Older Australians are being urged to be careful around residential kitchens and heaters this Winter and to take sensible precautions including giving up smoking.
The warning follows a new study by Macquarie University and the Bushfire and Natural Hazards Co-operative Research Centre, which found most deaths occured at night and more than a third of those who died in residential fires were aged over 65.
The study examined fourteen years of coronial records across Australia to show that the death rate in residential fires has remained steady over the past decade – and the elderly, disabled, young and those living alone are largely the victims.
The most common cause, where the cause was known, was from smoking materials, such as a cigarette or a pipe, which are responsible for more than a quarter of known causes of residential fires.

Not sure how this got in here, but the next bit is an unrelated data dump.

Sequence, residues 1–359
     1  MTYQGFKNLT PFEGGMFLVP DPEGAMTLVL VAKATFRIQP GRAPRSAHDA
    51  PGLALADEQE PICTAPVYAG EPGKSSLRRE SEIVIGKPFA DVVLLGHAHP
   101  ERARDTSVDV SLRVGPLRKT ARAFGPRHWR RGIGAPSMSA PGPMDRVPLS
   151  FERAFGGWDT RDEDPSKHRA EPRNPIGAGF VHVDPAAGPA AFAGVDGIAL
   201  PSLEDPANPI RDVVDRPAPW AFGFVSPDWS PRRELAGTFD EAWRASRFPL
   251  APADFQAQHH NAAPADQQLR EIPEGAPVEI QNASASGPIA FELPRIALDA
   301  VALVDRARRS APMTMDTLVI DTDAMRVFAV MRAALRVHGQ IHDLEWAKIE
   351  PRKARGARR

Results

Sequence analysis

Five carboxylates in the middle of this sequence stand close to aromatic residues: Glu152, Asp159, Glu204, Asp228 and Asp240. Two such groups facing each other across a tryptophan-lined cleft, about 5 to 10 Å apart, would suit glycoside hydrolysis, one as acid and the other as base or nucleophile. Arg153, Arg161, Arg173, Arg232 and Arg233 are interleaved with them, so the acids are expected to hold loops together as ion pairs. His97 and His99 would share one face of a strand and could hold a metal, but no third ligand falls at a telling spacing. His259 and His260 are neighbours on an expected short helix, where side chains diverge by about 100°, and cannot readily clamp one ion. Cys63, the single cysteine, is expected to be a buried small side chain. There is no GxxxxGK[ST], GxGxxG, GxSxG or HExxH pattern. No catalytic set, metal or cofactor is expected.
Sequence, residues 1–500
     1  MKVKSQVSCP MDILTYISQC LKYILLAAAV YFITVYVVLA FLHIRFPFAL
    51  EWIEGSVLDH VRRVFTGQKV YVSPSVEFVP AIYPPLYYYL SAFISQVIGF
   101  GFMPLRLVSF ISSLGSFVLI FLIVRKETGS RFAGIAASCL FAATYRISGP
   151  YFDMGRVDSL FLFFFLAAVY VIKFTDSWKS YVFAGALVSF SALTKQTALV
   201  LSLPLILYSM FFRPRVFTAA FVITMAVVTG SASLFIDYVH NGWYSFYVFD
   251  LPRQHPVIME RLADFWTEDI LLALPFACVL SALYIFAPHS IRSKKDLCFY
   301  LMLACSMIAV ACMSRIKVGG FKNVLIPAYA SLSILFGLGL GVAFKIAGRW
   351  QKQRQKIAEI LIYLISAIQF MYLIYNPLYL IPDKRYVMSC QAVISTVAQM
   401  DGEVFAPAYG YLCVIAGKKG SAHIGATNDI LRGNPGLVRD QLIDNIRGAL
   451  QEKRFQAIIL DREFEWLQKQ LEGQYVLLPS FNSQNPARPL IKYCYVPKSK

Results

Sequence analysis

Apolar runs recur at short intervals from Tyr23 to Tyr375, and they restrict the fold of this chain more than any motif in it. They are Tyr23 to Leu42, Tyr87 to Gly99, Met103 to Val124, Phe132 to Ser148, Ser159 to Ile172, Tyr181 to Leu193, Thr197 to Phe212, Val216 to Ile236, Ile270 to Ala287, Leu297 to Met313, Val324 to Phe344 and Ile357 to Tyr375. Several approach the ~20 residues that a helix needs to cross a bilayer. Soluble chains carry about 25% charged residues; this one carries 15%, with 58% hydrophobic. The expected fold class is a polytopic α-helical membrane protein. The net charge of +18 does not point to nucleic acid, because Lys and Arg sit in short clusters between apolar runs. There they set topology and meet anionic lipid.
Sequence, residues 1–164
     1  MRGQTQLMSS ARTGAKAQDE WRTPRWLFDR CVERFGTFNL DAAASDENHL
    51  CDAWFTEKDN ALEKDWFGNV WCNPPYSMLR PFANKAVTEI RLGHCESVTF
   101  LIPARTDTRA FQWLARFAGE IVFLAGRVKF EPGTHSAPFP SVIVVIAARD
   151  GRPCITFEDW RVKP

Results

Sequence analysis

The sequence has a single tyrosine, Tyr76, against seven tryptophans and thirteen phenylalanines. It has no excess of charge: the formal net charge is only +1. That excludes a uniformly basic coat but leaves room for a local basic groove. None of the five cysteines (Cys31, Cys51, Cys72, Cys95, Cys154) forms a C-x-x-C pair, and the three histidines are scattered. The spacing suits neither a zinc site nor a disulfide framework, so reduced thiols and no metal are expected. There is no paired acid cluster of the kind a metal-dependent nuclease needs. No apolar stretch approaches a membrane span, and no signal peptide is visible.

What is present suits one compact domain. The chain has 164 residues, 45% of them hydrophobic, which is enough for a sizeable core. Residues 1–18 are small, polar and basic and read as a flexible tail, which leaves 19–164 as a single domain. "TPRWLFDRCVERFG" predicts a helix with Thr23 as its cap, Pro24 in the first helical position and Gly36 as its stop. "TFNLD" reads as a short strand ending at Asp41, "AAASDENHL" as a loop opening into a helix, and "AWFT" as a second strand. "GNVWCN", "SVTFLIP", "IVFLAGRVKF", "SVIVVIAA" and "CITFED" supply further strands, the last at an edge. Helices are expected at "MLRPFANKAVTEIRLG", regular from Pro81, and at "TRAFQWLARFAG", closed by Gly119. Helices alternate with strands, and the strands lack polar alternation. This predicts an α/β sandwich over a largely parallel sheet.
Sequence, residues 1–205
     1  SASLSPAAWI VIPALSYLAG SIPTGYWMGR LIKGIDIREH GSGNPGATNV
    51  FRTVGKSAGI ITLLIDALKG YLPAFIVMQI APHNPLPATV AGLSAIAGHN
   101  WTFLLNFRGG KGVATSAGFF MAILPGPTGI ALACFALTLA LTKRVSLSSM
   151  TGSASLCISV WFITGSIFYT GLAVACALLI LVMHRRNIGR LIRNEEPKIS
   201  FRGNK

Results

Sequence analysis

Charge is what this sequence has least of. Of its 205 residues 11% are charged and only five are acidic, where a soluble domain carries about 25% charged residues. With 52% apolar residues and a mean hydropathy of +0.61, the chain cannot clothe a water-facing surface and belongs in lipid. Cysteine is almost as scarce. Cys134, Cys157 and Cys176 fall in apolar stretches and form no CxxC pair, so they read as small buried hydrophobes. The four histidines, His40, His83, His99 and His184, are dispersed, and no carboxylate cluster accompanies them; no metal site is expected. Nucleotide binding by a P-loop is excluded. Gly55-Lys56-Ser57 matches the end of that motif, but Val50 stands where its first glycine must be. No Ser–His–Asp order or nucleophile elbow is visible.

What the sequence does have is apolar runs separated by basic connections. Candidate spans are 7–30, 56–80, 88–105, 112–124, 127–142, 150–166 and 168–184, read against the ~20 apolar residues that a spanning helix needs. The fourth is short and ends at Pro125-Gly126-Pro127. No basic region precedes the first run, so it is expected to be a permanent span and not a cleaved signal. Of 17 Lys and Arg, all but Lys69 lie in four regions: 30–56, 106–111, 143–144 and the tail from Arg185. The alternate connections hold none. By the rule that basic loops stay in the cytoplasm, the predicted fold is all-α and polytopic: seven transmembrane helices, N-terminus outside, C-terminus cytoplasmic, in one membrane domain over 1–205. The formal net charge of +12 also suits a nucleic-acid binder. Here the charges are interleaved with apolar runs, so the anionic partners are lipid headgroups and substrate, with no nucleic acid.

Other risk factors that made people more likely to be killed in fires include those with relative social or financial disadvantage, people having a physical disability, those aged under five and those who lived alone.
Much of the focus on thwarting fire fatalities in Australia is around the dramatic and deadly bushfires that take hold in our hot dry summers. But more than fifty Australians die each year from residential fires and most of these deaths are preventable.
National Seniors Chief Advocate Ian Henschke was recently interviewed by TV Channel 9 after a spate of deadly house fires in South Australia.
He reminded the public that the elderly are particularly vulnerable and wintertime is when people use heaters and therefore there is an added risk.
“The highest death rate is amongst older men particularly those over the age of 85 and those who live alone. Cooking is also a cause of many fires,” Ian said.
So now is a good time to make sure smoke alarms are working and also re-evaluate your methods of heating. Kerosene heaters, open fires, blower heaters and bar radiators are often related to house fires.
“The message is, take care and check in on those living alone to make sure they are not putting their lives at risk,” Ian Heschke said.